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Rep. Linda Upmeyer says there have been “difficulties” and “positive news” in Medicaid privatization

This news story was published on September 9, 2016.
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From Rep. Linda Upmeyer –

 Linda Upmeyer (right)

Linda Upmeyer (right)

Labor Day weekend has come and gone which brought a much deserved long weekend for many. School is in full swing and fall sports have begun for the year.

A few months back, the state’s Medicaid program transitioned from an antiquated fee-for-service model to a new managed care program.  Medicaid Modernization, initiated by Governor Branstad in 2015, tasks three managed care organizations (MCOs) with coordinating the healthcare of Medicaid enrollees.  The MCOs generally focus their efforts to make patients healthier through wellness initiatives, while the old Medicaid system simply treated illnesses as they came about.

When the Governor first announced this change, we knew that it would be a challenge.  But we took the opportunity that was given to us by this transition and implemented some of the nation’s toughest and most robust Medicaid oversight ever seen.  This unprecedented level of oversight will allow us to monitor the effectiveness of the Medicaid program, and hold our MCOs accountable.  If the MCOs don’t meet their contractual obligations, they will be penalized financially for failure to meet those standards, and ultimately affect their future in our state.

Last month, the legislature’s Health Policy Oversight Committee met to receive the first report since the transition to Medicaid Modernization.  This bipartisan group of legislators from both chambers is tasked with reviewing quarterly reports and overseeing the change.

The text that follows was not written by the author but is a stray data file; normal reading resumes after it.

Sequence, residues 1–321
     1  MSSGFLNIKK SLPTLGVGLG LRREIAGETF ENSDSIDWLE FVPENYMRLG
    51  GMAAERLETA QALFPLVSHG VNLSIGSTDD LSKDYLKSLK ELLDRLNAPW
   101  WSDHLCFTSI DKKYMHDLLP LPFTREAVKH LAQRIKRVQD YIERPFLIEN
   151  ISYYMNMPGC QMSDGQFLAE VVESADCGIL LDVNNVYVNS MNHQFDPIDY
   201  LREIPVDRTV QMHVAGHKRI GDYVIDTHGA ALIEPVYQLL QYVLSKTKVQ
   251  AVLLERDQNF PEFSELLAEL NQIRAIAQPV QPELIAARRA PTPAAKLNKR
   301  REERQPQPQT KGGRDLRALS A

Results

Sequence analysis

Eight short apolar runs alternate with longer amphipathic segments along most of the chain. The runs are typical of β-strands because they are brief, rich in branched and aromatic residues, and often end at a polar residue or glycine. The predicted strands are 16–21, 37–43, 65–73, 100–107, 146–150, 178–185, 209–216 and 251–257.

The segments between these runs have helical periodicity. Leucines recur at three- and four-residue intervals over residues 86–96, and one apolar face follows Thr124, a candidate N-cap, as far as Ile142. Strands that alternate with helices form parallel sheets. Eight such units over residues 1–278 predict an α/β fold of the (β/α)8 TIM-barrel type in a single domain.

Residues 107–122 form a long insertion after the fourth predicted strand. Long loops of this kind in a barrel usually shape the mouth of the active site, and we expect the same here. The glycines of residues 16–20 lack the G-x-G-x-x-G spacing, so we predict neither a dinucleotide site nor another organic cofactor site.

The first quarterly report contains an enormous amount of data and provides an in-depth level of detail on the Medicaid program.  It’s more information than I have ever seen regarding the Medicaid program, and will give us great insight on our Medicaid population to measure treatment outcomes and ensure that patients are receiving the care and services that they need.  The data will also allow us to make sure that providers are being paid properly for covered services.

While we have seen some difficulties with this transition, the report also shows some very positive news during the first three months of Medicaid Modernization:

  • 155,000 enrollees went through a patient health risk assessment to identify potential health problems.  Health assessments were never required during the previous Medicaid system.  Additionally, 22,000 enrollees had high-risk, chronic conditions identified and were assigned to a care coordinator.
  • $22 million in cost savings has been estimated for the first quarter of Medicaid Modernization.
  • Fraud and improper payments are estimated to be minimized significantly.  According to the Federal Department of Human Services, Iowa’s improper payment rate was estimated to be 9.9%, which accounted for more than $318 million in improper payments.  Under managed care, the national average for improper payments is 0.12%.

As we continue with this new approach to Medicaid, the Health Policy Oversight Committee will be keeping a close eye on the MCOs to ensure that patients are receiving the services they need and providers are being paid for those services.  We understand that this transition has not been easy for everyone.  Transitions are difficult, there’s no question about it.  What’s important is that we work together to make sure that this change goes as smoothly as possible.

House Republicans are listening to the concerns from Iowans regarding this shift.  We’ve heard from both patients as well as providers about the various roadblocks and challenges that they’ve encountered so far.  We’ve heard about denials for reimbursements as well as delays in prior-authorizations.  Those concerns are not falling on deaf ears and House Republicans remain committed to resolving these issues.

To view the full Medicaid Modernization first quarter report, click here.

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